Ruthmannia – seeing microbial dark matter

The second symbiont of Trichoplax, Ruthmannia, belongs to a group of bacteria that were only recently discovered, the Margulisbacteria. “Before our study, Margulisbacteria were part of the so-called microbial dark matter – the vast majority of microbial organisms that biologists find through sequencing, but are unable to culture,” explains Harald Gruber-Vodicka. “We have never actually seen them, even though their genetic traces were found in aquatic samples all over the globe.” Now Gruber-Vodicka and Leisch took the first images of a Margulisbacteria. “It’s the first time we could see a member of this group. For us, observing this microbial dark matter was just as exciting as imaging black holes.” This symbiont lives in cells that Trichoplax uses to digest its algal food. "Ruthmannia appears to only eat the fats and other lipids of the algae, and leaves the rest to its host. In return, we think Ruthmannia may provide Trichoplax with vitamins and amino acids." With Trichoplax thriving in the lab cellars of the Max Planck Institute for Marine Microbiology, the authors now have continuous access to this enigmatic group of bacteria.

In the trap: Colonized Trichoplax traps suspended in shallow water under a footbridge. (© Harald Gruber-Vodicka / Max Planck Institute for Marine Microbiology)
In the trap: Colonized Trichoplax traps suspended in shallow water under a footbridge. (© Harald Gruber-Vodicka / Max Planck Institute for Marine Microbiology)
Harald Gruber-Vodicka, Nicole Dubilier and Niko Leisch in front of the aquarium in the foyer of the Max Planck Institute for Marine Microbiology. Also in this coral aquarium, Trichoplax lives with its symbionts. (© Christian Borowski /Max Planck Institute for Marine Microbiology)
Harald Gruber-Vodicka, Nicole Dubilier and Niko Leisch in front of the aquarium in the foyer of the Max Planck Institute for Marine Microbiology. Also in this coral aquarium, Trichoplax lives with its symbionts. (© Christian Borowski /Max Planck Institute for Marine Microbiology)

What’s next

“In this study, we focused on the symbiotic partners of a single Trichoplax species,says Nicole Dubilier, Director at the Max Planck Institute for Marine Microbiology. “However, at least 20 more species have been described, and our first results indicate that each host species has its own, very specific set of symbionts. We are excited about taking a closer look at this remarkable diversity and how it evolved. These tiny animals not only look like potato chips, they also pack a crunch when it comes to what's inside them.”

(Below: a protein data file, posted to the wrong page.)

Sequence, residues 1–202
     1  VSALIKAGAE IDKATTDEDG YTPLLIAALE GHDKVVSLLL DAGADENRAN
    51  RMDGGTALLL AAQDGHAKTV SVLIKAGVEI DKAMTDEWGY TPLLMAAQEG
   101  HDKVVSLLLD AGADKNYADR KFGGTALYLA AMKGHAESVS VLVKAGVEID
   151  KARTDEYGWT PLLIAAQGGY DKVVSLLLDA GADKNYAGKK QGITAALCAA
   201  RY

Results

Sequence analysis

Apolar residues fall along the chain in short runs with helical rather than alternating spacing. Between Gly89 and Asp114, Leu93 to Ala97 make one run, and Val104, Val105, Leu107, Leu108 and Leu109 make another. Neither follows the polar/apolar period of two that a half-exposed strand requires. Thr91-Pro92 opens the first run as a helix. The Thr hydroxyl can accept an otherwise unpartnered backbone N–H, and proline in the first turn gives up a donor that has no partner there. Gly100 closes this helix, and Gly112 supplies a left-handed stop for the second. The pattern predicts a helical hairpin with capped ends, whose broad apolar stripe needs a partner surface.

Original publication

Harald R. Gruber-Vodicka, Nikolaus Leisch, Manuel Kleiner, Tjorven Hinzke, Manuel Liebeke, Margaret McFall-Ngai, Michael G. Hadfield, Nicole Dubilier: Two intracellular and cell type-specific bacterial symbionts in the placozoan Trichoplax H2. Nature Microbiology. DOI: 10.1038/s41564-019-0475-9

Behind the paper

Harald R. Gruber-Vodicka: A simple animal reveals fascinating insights in intracellular symbionts. Nature Microbiology Community.

Participating institutions

  • Max Planck Institute for Marine Microbiology, Bremen, Germany
  • University of Hawaiʻi at Mānoa, Honolulu, USA 

  • North Carolina State University, Raleigh, North Carolina, USA
  • University of Calgary, Alberta, Canada

Please direct your queries to

Scientist

Department of Symbiosis

Dr. Harald Gruber-Vodicka

MPI for Marine Microbiology
Celsiusstr. 1
D-28359 Bremen
Germany

Room: 

2551

Phone: 

+49 421 2028-760

Dr. Harald Gruber-Vodicka

Director

Department of Symbiosis

Prof. Dr. Nicole Dubilier

MPI for Marine Microbiology
Celsiusstr. 1
D-28359 Bremen
Germany

Room: 

3241

Phone: 

+49 421 2028-932

Prof. Dr. Nicole Dubilier

Head of Press & Communications

Press Office

Dr. Fanni Aspetsberger

MPI for Marine Microbiology
Celsiusstr. 1
D-28359 Bremen
Germany

Room: 

3248

Phone: 

+49 421 2028-947

Dr. Fanni Aspetsberger